For this column, we invited Tim Tomlinson, Addison (Texas) firefighter, ISP co-owner and chair of the NFPA committee responsible for NFPA 1851, to offer his insight on the role of ISPs to help fire departments clean and maintain their gear as part of an overall PPE Program.
Significant progress was made in finalizing the 2020 revision of NFPA 1851: Standard on Selection, Care, and Maintenance of Protective Ensembles for Structural Fire Fighting and Proximity Fire Fighting. The standard sets the foundation for the proper cleaning and maintenance of PPE, limiting exposure to fireground contaminants, disinfection of microbial contamination, and other specialized considerations, such as handling of asbestos contaminated PPE and bulk chemicals. Further, the standard implemented tools to better determine efficacy of the processes, technologies and formulations used for addressing exposures.
With NFPA 1851 (2020) now in place for a little more than two years, much of the fire service has embraced these changes, with fire departments actively working to implement these requirements into their PPE programs.
With this effort comes an increased need for internal and external resources to support fire department compliance with NFPA 1851. One resource that can be of great value to fire departments is establishing a relationship with an independent service provider (ISP).
Setting up an NFPA 1851 PPE program
Establishing an NFPA 1851 program might seem overwhelming, but it doesn’t have to be. Working with an ISP can help your department meet the requirements of a comprehensive program.
Education on NFPA 1851 is the first step in understanding the minimum requirements for a compliant PPE program. ISPs can provide this education to guide departments on all areas of NFPA 1851, including help with performing risk assessments, determining PPE specifications that meet assessment findings, writing standard operating procedures (SOPs), conducting in-department PPE cleaning, inspecting PPE, documenting care and maintenance, and addressing how to handle the retirement and disposal of non-serviceable or out-of-date PPE. In this role, an ISP can show departments best practices to not only meet minimum requirements of NFPA 1851 but also to implement those practices most efficiently, with the needed equipment and supplies.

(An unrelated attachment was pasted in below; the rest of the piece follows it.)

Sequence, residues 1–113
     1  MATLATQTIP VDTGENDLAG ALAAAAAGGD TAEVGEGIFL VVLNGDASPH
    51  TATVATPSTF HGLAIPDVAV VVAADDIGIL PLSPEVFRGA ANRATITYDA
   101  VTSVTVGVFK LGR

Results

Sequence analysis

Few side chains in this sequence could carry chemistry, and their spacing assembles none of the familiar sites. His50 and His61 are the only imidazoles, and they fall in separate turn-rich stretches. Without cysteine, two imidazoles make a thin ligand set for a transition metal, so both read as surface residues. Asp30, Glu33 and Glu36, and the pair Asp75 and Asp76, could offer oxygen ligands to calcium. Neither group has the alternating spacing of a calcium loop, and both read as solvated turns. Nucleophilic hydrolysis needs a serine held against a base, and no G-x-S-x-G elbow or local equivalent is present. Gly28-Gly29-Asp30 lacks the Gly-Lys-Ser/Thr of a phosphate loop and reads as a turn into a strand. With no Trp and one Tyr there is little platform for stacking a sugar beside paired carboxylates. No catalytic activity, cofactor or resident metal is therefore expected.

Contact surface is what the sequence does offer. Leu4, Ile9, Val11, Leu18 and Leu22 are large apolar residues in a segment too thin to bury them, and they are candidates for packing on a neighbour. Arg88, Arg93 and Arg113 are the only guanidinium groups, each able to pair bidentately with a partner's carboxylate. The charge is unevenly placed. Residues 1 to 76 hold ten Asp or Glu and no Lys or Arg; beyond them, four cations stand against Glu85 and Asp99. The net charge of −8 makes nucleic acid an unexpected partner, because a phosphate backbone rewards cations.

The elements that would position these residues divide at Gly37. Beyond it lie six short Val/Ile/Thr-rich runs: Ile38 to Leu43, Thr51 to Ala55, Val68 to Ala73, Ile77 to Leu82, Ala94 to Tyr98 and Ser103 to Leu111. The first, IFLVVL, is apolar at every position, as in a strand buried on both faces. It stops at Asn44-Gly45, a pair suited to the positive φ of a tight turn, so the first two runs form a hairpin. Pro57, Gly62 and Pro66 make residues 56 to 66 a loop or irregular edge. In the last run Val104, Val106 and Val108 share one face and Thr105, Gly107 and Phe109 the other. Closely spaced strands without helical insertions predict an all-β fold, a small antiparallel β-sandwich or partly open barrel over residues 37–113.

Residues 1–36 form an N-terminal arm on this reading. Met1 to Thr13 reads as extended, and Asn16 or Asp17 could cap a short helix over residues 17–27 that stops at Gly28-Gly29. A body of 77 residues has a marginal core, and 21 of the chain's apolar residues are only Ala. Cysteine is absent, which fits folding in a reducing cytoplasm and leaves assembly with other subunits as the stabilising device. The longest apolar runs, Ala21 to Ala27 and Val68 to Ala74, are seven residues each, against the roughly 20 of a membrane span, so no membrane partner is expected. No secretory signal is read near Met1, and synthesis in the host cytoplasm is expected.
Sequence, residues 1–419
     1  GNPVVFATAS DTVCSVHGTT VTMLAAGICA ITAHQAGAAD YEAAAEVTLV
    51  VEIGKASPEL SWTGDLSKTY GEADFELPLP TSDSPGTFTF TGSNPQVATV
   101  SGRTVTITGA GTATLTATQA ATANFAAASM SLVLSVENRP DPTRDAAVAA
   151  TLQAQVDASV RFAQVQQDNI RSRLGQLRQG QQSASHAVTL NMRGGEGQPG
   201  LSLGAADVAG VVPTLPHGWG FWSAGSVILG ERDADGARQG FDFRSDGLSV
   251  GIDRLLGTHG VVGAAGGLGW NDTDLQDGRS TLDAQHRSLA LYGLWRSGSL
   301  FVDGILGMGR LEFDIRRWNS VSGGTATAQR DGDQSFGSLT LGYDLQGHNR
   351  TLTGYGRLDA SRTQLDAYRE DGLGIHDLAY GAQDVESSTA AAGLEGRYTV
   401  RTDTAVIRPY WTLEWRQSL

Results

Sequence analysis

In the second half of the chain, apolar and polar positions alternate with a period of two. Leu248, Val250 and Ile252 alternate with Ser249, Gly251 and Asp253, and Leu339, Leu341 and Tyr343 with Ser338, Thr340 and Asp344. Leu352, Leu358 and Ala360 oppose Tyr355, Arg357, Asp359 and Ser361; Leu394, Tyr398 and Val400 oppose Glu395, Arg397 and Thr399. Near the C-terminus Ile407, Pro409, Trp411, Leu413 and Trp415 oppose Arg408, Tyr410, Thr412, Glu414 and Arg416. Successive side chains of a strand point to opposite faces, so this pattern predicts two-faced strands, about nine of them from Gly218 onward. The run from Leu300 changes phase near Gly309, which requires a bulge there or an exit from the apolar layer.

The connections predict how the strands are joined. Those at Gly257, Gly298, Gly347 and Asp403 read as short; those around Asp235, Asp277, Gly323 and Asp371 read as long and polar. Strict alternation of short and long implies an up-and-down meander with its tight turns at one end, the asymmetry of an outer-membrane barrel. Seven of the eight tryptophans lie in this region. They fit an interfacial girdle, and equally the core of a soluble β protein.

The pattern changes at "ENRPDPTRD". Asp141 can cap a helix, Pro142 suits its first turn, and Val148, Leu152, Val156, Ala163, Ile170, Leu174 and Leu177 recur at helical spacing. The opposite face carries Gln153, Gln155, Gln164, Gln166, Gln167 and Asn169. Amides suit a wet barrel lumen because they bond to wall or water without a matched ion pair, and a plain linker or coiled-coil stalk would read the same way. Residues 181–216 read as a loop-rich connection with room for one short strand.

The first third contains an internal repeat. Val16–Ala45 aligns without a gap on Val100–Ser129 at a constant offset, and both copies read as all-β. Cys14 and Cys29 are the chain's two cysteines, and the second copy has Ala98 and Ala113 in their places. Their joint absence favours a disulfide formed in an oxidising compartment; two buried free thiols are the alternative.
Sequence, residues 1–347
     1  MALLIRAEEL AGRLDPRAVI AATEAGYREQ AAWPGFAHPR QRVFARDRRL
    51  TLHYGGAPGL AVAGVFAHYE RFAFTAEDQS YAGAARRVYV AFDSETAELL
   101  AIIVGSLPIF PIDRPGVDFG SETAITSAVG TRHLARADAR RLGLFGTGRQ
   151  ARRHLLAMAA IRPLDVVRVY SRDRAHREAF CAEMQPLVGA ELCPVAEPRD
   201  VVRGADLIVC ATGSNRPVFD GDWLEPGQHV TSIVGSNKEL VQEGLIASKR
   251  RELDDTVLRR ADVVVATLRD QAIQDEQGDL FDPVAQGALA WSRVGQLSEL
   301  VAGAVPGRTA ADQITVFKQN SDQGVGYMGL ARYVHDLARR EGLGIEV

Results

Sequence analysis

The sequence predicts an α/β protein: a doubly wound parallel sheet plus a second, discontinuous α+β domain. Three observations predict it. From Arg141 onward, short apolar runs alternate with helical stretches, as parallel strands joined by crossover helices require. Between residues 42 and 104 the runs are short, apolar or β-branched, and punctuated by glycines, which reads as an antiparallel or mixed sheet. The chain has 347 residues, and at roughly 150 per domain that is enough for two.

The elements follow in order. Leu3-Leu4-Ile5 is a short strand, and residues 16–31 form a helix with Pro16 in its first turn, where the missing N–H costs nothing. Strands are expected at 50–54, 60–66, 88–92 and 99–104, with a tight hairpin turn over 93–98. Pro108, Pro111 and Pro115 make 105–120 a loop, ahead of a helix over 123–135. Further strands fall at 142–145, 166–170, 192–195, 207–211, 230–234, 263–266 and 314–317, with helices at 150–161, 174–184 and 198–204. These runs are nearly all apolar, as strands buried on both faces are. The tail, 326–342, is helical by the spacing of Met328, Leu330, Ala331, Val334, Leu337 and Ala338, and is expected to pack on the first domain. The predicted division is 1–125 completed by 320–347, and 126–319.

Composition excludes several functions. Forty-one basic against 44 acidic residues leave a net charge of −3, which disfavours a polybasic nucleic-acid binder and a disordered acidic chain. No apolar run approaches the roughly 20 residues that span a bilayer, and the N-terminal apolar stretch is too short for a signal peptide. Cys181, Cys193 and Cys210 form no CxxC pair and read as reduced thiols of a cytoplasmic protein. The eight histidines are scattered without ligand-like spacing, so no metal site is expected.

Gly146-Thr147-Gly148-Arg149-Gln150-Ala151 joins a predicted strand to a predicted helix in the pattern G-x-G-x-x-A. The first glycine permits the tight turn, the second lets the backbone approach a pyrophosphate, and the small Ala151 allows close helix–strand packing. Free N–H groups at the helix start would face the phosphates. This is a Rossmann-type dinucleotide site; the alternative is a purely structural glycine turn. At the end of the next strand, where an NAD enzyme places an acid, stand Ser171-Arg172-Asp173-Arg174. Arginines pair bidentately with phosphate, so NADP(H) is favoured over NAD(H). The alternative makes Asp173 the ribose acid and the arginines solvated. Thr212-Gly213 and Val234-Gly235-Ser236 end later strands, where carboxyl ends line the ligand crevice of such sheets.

One important element of a department’s PPE program is the development of a risk assessment as it relates to their selection and use of PPE. Departments should consider response activities and distinguish more specifically the types of incidents requiring response. This helps departments determine the PPE specifications, designs and performance levels needed for their team. It is easy to get caught up in how another or larger department is outfitting firefighters for PPE, but this may not be what is best for your department. ISPs see all makes and models of PPE. They have knowledge on cleanability and repairs, and most understand the design, construction and performance based on experience from working on many different PPE specifications. This information can be assessed, along with published key certification performance values of PPE, to determine which PPE materials and specifications are best for your department.
Developing SOPs and SOGs
Developing a set of SOPs or standard operating guidelines (SOGs), in conjunction with an ISP, can facilitate a department’s plan on how to handle its members’ PPE, working toward the highest reduction of contamination. Outlined procedures for preliminary exposure reduction (PER), advanced cleaning, and handling directions for various types of exposures should all be included. In addition, departments will need response guidance to the findings of the advanced inspections, including deciding whether the gear is safe to put back in service or if repairs are needed, and when and how gear should be retired. This is the types of information that can be provided by both manufacturers and ISPs.